Nissan, TBWA Settle With FTC Over Deceptive Ads

Nissan North America and its ad agency, TBWA Worldwide, have settled charges of deceptive advertising.

The 30-second spot in question, "Hill Climb," which aired in 2011, showed the mid-sized Nissan Frontier pickup truck pushing a dune buggy up a steep sand hill -- something the truck cannot actually do.

Under the proposed settlements, Nissan and TBWA Worldwide, Inc. are prohibited from using deceptive demonstrations in advertisements for pickup trucks.

The ad showed the vehicle rescuing a dune buggy trapped in sand on a steep hill, while onlookers observe the feat in amazement. It was produced in a realistic “YouTube” style, as if it were shot on a mobile phone video camera.



The administrative complaints allege that Nissan and TBWA violated the FTC Act by representing that the ad accurately showed the performance of an unaltered Nissan Frontier under the conditions that were depicted. In fact, the truck is not capable of pushing the dune buggy up and over the hill, and both the truck and the dune buggy were dragged to the top of the hill by cables, according to the complaints. The complaints also allege that the hill was made to look significantly steeper than it actually was.

“Special effects in ads can be entertaining, but advertisers can’t use them to misrepresent what a product can do,” said Jessica Rich, director of the FTC’s Bureau of Consumer Protection, in a statement. “This ad made the Nissan Frontier appear capable of doing something it can’t do.”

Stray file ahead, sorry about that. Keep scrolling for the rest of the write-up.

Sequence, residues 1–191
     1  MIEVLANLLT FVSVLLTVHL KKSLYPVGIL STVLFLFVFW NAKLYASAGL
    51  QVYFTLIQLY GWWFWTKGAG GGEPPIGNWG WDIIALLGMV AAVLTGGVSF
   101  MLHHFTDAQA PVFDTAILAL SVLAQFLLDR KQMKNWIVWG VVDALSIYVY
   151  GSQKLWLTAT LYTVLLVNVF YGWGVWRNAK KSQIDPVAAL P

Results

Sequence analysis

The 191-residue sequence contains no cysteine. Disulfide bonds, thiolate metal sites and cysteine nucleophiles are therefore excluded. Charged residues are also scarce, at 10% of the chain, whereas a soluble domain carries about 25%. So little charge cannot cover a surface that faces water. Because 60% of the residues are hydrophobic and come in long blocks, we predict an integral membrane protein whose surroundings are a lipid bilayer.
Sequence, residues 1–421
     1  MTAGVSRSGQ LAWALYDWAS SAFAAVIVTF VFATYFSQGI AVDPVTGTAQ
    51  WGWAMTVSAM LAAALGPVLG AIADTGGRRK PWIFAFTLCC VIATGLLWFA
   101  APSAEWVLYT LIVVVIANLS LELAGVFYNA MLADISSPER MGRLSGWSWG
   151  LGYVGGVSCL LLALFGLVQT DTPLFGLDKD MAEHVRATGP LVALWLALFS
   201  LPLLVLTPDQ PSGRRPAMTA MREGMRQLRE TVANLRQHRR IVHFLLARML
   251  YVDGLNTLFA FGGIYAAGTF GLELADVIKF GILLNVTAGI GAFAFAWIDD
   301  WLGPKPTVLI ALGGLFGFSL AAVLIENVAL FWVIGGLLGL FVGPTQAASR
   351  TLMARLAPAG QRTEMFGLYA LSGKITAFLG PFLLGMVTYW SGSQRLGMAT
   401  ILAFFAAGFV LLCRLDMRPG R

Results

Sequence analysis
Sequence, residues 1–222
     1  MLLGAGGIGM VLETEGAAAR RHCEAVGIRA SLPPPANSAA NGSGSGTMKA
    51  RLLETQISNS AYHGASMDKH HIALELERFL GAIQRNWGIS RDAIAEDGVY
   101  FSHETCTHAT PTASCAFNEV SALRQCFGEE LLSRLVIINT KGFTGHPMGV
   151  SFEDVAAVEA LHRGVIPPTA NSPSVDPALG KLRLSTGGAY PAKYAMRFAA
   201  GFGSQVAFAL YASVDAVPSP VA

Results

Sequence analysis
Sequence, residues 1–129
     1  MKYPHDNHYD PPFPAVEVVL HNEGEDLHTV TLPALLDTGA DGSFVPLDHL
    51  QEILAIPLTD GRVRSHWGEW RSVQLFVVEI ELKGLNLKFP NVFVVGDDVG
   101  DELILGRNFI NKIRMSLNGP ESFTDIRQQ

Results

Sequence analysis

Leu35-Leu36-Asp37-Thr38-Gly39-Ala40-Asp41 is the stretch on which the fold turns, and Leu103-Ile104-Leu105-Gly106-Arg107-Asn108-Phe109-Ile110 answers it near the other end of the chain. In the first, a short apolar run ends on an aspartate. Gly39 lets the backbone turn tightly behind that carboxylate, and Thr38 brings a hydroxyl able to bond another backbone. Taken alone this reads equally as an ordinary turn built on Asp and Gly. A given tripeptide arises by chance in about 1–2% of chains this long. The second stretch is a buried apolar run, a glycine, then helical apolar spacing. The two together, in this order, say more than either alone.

Under the proposed settlements, Nissan and TBWA cannot misrepresent any material quality or feature of a pickup truck through the depiction of a test, experiment, or demonstration. The orders do not prohibit the use of special effects and other production techniques as long as they do not misrepresent a material quality or feature of the pickup truck.

“Nissan takes its commitment to fair and truthful advertising seriously," said Travis Parman, a Nissan spokesperson. "The company has been and remains committed to complying with the law.”

The commission vote to accept the consent agreement package containing the proposed consent orders for public comment was 4-0.  

1 comment about "Nissan, TBWA Settle With FTC Over Deceptive Ads".
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  1. Anni Paul from BoscoSystems, January 24, 2014 at 3:31 p.m.

    I can see where the FTC has a legitimate beef with this. What I don't see is why the FTC has treated native ads as a bigger threat to consumer deception. It's nuts. As we're seeing with the NYT, Airpush, Twitter, and others, these companies are smart, polished, and understand transparency. FTC needs to stick with preventing the types of things you write about here. Native ads are NOT the biggest threat to consumers by any stretch of the imagination.

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